Sound Propagation Level Calculator (Version 3.5) - MAS Environmental 2020 - www.masenv.co.uk
This interactive diagram is an approximate calculation tool for combining sound level reduction due to propagation over a distance, insertion of a barrier, ground effect and air absorption.
If you find this useful, you might want to check out our in-browser sound modelling tool.
How to use
- Choose between "Single Frequency" for tonal sources and "Multi Spectrum" for broadband sources.
- Edit sound levels and distances (in metres) or click and drag the items in the diagram to modify their position.
- Move the barrier/building top to change its position, click the body to toggle on/off.
- Click "Wall+" to add a reflective surface behind the source/receiver (facade level).
- In "Single Frequency" mode click "Show calculation breakdown" to see the effect of the attenuation factors listed below.
- You can bookmark or link directly to the results by clicking "Link to this calculation" under Options.
- Need to calculate with multiple sources? Use our original noise source calculator
This Interactive Sound Propagation Level Calculator is an approximate calculation tool and should not replace your own calculations and real life measurements.
- No transmission of sound around the barrier - therefore, the combined transmission of sound around the sides of the barrier must be at least 10dB below the level of sound transmission above the barrier.
- No transmission of sound through the barrier - therefore, the total transmission of sound through the barrier must be at least 10dB below the level of sound transmission above the barrier.
- There are no reflections from the barrier. In reality when dealing with short distances and many reflective surfaces the "canyon effect" may occur with repeating reflections.
- There are no affecting weather conditions, such as wind or temperature inversion, as these will affect the propagation path of a noise source and diffraction around the barrier.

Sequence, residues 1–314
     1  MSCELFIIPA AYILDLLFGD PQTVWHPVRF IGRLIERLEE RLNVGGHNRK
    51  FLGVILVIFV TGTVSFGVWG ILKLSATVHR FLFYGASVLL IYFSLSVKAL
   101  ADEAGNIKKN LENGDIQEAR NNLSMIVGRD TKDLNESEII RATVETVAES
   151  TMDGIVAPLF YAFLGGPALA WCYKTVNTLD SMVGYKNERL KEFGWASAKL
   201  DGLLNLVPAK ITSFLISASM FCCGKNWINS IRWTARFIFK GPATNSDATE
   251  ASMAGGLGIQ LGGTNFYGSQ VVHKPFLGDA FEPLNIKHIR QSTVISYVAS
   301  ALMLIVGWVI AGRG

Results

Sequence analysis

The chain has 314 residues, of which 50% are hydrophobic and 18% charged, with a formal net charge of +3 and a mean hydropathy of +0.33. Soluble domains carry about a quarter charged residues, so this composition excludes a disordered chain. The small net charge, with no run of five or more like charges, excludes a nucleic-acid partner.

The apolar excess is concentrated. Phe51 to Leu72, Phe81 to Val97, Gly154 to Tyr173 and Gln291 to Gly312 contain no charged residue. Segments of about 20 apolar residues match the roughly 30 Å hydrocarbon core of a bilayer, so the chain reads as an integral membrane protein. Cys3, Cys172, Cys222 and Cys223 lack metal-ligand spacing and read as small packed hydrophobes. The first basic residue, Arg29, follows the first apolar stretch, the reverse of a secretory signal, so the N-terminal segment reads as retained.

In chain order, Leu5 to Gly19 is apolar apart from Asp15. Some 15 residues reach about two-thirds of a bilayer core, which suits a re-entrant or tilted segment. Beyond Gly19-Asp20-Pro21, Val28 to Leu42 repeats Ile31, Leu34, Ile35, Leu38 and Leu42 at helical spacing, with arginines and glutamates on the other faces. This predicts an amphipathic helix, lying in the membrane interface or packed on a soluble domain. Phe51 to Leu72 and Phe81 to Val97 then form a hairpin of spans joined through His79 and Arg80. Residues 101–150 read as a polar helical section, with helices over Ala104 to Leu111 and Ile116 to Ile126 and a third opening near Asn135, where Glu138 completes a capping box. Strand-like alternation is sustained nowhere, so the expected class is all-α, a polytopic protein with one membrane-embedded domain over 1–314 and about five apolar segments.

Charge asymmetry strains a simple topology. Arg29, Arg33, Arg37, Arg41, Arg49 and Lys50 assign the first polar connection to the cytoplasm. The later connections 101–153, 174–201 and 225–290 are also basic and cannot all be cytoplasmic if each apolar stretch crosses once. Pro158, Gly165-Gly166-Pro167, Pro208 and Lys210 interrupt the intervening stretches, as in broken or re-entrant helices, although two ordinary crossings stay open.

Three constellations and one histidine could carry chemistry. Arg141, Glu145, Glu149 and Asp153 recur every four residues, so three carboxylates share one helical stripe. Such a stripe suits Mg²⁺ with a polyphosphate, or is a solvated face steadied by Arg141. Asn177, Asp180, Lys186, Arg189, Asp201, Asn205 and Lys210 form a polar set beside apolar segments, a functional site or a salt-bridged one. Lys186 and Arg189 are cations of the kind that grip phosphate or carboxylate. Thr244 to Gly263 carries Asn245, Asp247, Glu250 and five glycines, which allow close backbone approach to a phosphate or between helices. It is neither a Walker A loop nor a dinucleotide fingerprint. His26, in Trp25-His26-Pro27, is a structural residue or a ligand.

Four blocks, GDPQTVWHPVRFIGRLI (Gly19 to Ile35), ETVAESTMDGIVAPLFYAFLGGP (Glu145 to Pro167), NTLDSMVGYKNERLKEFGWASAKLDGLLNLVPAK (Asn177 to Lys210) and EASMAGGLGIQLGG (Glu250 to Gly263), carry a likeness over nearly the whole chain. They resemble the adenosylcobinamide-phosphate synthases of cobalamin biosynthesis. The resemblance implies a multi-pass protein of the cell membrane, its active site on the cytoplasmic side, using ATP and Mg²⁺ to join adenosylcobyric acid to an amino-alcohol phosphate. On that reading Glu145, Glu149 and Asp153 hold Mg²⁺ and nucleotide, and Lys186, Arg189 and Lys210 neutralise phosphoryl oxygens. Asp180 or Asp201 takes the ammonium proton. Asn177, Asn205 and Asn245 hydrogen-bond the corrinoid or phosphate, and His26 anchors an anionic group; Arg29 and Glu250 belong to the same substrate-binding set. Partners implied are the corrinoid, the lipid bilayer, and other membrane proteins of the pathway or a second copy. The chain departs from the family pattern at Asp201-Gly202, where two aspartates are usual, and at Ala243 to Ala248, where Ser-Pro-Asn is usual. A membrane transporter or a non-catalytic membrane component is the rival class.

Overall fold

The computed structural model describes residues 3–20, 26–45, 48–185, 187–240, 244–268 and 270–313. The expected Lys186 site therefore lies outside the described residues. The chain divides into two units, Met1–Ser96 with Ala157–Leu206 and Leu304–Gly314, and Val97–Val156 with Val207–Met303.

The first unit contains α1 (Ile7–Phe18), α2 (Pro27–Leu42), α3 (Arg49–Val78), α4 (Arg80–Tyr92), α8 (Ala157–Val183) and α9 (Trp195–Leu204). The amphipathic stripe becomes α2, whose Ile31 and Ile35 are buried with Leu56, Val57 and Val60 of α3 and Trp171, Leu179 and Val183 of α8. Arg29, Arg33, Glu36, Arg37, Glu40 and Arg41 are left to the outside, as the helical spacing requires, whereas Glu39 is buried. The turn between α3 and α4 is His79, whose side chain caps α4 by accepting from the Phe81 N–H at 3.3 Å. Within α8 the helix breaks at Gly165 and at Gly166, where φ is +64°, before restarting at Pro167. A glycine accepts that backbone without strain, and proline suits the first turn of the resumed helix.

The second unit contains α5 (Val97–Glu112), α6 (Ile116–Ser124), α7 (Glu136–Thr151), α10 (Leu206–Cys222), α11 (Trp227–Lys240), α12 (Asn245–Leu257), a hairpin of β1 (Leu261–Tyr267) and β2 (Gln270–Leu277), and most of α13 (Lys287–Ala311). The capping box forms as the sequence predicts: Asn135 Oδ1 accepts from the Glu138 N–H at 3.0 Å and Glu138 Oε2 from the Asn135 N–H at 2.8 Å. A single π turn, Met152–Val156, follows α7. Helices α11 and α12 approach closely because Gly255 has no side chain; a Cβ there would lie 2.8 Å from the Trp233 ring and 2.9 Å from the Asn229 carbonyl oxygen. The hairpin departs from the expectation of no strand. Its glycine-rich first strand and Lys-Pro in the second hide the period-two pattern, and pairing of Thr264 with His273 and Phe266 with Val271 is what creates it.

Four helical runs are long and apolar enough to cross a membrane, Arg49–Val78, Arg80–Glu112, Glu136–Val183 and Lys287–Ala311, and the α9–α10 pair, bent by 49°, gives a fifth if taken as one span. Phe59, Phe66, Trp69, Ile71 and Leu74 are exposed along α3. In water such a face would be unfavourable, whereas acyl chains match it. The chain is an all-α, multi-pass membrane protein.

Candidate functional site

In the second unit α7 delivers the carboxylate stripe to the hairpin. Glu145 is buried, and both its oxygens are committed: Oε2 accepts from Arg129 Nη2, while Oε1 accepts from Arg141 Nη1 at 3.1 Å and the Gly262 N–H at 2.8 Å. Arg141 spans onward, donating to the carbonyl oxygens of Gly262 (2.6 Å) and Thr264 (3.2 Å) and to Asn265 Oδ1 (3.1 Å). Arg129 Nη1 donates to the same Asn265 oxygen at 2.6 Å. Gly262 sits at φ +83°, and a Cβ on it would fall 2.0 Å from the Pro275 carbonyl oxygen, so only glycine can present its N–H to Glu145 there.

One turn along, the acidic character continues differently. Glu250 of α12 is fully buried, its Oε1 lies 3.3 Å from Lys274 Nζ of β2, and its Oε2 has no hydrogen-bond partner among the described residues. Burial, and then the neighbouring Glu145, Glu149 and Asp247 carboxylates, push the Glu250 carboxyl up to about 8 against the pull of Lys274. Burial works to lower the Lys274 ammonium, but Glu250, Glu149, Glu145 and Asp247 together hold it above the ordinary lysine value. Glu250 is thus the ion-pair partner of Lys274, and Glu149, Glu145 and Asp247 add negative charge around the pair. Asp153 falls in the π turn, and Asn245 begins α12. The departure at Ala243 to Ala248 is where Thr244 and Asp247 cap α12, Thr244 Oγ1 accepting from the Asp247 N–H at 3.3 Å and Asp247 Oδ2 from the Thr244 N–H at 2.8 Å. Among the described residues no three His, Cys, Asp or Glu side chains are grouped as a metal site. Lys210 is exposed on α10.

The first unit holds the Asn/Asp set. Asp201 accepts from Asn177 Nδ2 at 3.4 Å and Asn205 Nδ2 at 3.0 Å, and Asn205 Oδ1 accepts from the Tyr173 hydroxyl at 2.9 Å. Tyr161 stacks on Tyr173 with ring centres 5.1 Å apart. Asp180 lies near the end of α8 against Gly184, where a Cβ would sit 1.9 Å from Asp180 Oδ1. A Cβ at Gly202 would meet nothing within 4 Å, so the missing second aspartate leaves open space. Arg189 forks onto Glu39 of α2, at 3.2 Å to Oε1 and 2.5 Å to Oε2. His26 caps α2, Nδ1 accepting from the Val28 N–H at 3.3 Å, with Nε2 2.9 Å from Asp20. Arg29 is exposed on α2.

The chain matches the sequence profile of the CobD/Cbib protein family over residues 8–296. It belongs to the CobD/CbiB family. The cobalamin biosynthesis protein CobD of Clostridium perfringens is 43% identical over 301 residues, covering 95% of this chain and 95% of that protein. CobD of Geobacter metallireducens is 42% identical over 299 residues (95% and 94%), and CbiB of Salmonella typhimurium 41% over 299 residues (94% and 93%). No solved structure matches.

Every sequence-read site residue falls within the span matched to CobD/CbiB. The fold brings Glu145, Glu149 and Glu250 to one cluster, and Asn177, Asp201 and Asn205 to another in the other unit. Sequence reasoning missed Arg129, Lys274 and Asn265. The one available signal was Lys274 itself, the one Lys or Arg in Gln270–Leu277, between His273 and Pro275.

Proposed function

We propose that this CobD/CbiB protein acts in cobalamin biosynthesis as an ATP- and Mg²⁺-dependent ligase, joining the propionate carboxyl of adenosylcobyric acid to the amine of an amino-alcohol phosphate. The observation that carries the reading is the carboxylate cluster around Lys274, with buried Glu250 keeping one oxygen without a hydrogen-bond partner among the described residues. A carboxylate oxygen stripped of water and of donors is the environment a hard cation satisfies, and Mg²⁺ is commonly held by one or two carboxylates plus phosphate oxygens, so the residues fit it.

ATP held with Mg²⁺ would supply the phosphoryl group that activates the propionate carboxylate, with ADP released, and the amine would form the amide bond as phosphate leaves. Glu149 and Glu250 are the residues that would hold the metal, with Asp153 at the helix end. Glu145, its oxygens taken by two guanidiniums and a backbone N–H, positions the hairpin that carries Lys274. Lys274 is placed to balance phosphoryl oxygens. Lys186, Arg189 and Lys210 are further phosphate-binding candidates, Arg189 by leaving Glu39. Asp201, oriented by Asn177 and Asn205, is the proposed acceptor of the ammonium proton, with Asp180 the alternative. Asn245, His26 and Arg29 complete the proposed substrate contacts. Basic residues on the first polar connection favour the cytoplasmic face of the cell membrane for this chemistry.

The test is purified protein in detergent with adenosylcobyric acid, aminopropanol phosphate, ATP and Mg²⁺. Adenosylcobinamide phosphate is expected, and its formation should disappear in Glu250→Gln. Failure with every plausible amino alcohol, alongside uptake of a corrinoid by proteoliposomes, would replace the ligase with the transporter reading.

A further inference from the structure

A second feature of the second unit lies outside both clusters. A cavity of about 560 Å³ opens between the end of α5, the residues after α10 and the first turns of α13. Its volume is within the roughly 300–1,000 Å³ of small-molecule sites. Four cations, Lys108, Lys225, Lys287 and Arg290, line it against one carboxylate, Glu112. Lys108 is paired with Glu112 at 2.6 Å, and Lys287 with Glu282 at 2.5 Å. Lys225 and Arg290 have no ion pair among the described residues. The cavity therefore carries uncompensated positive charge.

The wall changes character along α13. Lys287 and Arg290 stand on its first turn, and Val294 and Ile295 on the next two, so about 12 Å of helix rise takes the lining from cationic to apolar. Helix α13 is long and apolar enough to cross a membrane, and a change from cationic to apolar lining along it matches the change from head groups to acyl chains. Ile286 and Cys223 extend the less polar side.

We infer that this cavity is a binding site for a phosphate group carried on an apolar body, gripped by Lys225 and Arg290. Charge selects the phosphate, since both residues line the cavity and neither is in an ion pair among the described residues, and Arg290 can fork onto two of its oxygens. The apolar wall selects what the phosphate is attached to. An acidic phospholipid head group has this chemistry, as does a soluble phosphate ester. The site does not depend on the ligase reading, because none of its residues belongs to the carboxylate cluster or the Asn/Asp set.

- The noise source behaves as a point source and is far-field, where inherent directivity is minimal.
- Walls used in the model are considered to be perfectly reflecting and at 1 metre distance (facade level).
- Conditions are free-field and there is no reverberant field.
- The barrier is perpendicular to the source to receiver path.
Sound Attenuation due to Propagation (aka "Geometrical Divergence")
Sound waves propagate as a sphere and follow the "inverse square law" of level reduction. A general rule is that the level reduces by 6dB per doubling of distance.
Sound Attenuation due to a Barrier using ISO9613-2:1996 (up to 1000m)
Sound waves are reduced by a barrier depending upon the frequency of the sound wave with lower frequencies less affected. The greater the path difference, the more effective the barrier is.
A general rule is that a single barrier at eye level with a source and receiver will reduce the level by approx 5dB.
ISO 9613-2:1996 only considers up to two screens. In the case of more than this, choose the two that are most effective and ignore all others.
The guidance also states that barrier attenuation is limited to 20dB for a single barrier and 25dB for two barriers. This can now be applied optionally using the calculator by deselecting "Apply limit".
Ground Effect (reflection and absorption) using ISO9613-2:1996
Sound waves will be reflected or absorbed by the ground depending upon the frequency of the sound wave and how porous the ground is (indicated by the "Ground Factor" value G). Barrier insertion will take precedence over ground effect, the effect is not cumulative.
- For "Hard Ground" G = 0. Hard ground reflects sound waves. Examples include roads and paved areas.
- For "Soft Ground" G = 1. Soft ground is porous and absorbs sound waves. Examples include grass, trees and other vegetation.
- For "Mixed Ground" use a value for G between 0 and 1 that represents the fraction of the ground that is soft.
More information about Ground Effect can be found in the guide within our noise mapping tool
Air Absorption using ISO9613-1:1993
As sound waves travel through the air a small portion of the energy is converted into heat depending upon the atmospheric temperature and humidity, however the amount is only significant with high frequencies and long distances.
The original version of this calculator which used Adobe Flash can still be accessed here